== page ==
Also deductible as an adjustment to income: Health insurance costs for the self-employed (and their families) — including Medicare premiums and supplemental Medicare (Medigap), up to your business' net income. You can't claim this deduction if you're eligible to be covered under a health plan subsidized either by your employer (if you have a job as well as your business) or your spouse's employer (if he or she has a job that offers family medical coverage).
(Note that self-employed people operating as a sole proprietor may also be able to claim the 20% deduction for qualified business income. It's not considered an "above-the-line" deduction, since it's reported on the 1040 form after AGI is calculated. However, it can put a significant dent in your tax bill if you can satisfy all the requirements. But it won't help you qualify for other tax breaks by lowering your AGI.)
Student Loan Interest Deduction
Up to $2,500 in student loan interest (for you, your spouse or a dependent) can be deducted on your 2021 tax return if your modified AGI is less than $70,000 if you're single or $140,000 if you're married and filing a joint return. The deduction is phased out above those levels, disappearing completely if you earn more than $85,000 if single or $170,000 if filing a joint return.
You can't claim this deduction if you're married, and you and your spouse are filing separate tax returns. You're also disqualified if someone else (e.g., a parent) claims you as a dependent on their tax return.
The loan must have been used to pay qualified higher education expenses, such as tuition, fees, room and board, books and supplies, and other related expenses. The expenses must also be for education in a degree, certificate, or similar program at a college, university, or qualified vocational school.
You may be able to deduct alimony you pay to a former spouse as long as your divorce agreement was in place before the end of 2018 and the monetary payments are spelled out in the agreement. The deduction disappears if the agreement is changed after 2018 to exclude the alimony from your former spouse's income.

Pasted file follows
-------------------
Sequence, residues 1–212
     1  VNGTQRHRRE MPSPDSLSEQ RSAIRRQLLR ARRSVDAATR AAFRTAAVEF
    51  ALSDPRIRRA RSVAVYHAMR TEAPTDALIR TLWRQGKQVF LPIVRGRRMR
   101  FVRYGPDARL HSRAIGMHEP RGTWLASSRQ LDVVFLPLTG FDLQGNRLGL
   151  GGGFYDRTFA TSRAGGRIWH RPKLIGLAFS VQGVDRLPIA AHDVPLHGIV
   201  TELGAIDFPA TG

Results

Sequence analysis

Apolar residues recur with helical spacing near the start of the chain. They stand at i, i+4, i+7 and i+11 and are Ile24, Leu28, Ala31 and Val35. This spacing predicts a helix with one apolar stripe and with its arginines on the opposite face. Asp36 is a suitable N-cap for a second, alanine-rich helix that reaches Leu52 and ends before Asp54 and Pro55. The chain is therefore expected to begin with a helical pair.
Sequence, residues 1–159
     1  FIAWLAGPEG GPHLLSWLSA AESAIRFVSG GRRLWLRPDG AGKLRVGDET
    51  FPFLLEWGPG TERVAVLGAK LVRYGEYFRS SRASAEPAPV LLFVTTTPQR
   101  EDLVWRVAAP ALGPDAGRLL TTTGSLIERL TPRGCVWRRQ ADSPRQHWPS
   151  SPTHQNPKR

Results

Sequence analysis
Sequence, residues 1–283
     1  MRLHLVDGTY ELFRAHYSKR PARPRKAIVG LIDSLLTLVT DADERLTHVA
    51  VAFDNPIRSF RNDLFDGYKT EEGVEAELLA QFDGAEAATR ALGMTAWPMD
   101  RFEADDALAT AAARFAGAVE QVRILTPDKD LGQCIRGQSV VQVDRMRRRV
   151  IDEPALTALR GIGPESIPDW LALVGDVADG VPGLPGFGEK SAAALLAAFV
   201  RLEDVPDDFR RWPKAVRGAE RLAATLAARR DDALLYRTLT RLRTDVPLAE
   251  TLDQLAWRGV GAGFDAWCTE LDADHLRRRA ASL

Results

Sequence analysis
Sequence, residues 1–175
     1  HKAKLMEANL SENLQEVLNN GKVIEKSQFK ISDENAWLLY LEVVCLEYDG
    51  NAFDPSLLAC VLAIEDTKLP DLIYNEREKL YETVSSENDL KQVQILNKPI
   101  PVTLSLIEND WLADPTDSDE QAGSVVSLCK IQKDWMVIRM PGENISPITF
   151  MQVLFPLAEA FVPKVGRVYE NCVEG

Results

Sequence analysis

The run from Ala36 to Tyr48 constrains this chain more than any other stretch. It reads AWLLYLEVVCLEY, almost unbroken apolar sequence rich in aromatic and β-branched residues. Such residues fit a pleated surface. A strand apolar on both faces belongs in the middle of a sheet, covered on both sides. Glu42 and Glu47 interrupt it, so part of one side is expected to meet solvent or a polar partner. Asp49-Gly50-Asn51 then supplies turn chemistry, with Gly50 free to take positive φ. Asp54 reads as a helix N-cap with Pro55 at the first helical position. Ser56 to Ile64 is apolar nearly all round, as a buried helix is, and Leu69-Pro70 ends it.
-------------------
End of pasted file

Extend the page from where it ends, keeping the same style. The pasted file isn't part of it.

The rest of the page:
You must also report your ex-spouse's Social Security number, so the IRS can make sure he or she reports the same amount as taxable income. (Child support, however, is not deductible.)
Deductions for Business Expenses
The 2017 tax reform law did away with almost all employee deductions that were taken on Schedule A by itemizers. But in certain lines of work, under certain conditions, you can still write off some of your costs with an "above-the-line" tax deduction. Here are those adjustments to income, which are now found on Schedule 1 (Form 1040):
- You're a schoolteacher and you buy supplies for your classroom. Educators can write off up to $250 each year of classroom expenses if they teach kindergarten through 12th grade and put in at least 900 hours a year on the job. Expenses paid or incurred in 2021 for personal protective equipment, disinfectant, and other supplies used to prevent the spread of COVID-19 are included. You don't have to be a teacher to claim this break. Aides, counselors and principals may claim it if they have the receipts to back it up. But parents who home-school their children are out of luck.
- You're in the National Guard or military reserves and you travel to drills. You must travel more than 100 miles from home and be away from home overnight. If you qualify, you can deduct the cost of lodging and meals (following the federal per diem schedule) plus an allowance for driving your own car. For 2021 travel, the rate is 56 cents per mile, plus what you paid for parking, fees and tolls. (For 2022, it's 58.5 cents for each mile.)
- You're a performing artist making less than $16,000 (sorry Beyoncé, not for you). The IRS will expect you to show that at least two employers paid you $200 each for your services and that the expenses you intend to deduct are more than 10% of what you made from performing. Note that the IRS specifies that you need to be an employee receiving wage income.
- You're disabled, have a job, and incur expenses that allow you to work. Here's an example from the IRS: You're deaf and use a sign-language interpreter during meetings while you're at work — that's a deductible expense.
- You're a "fee-basis" public official and want to write off job expenses. This does not mean people employed by any government. Rather, it's for individuals who perform a public function and are paid directly by the people they serve (e.g., a justice of the peace). If you meet that definition, you can deduct your work-related expenses.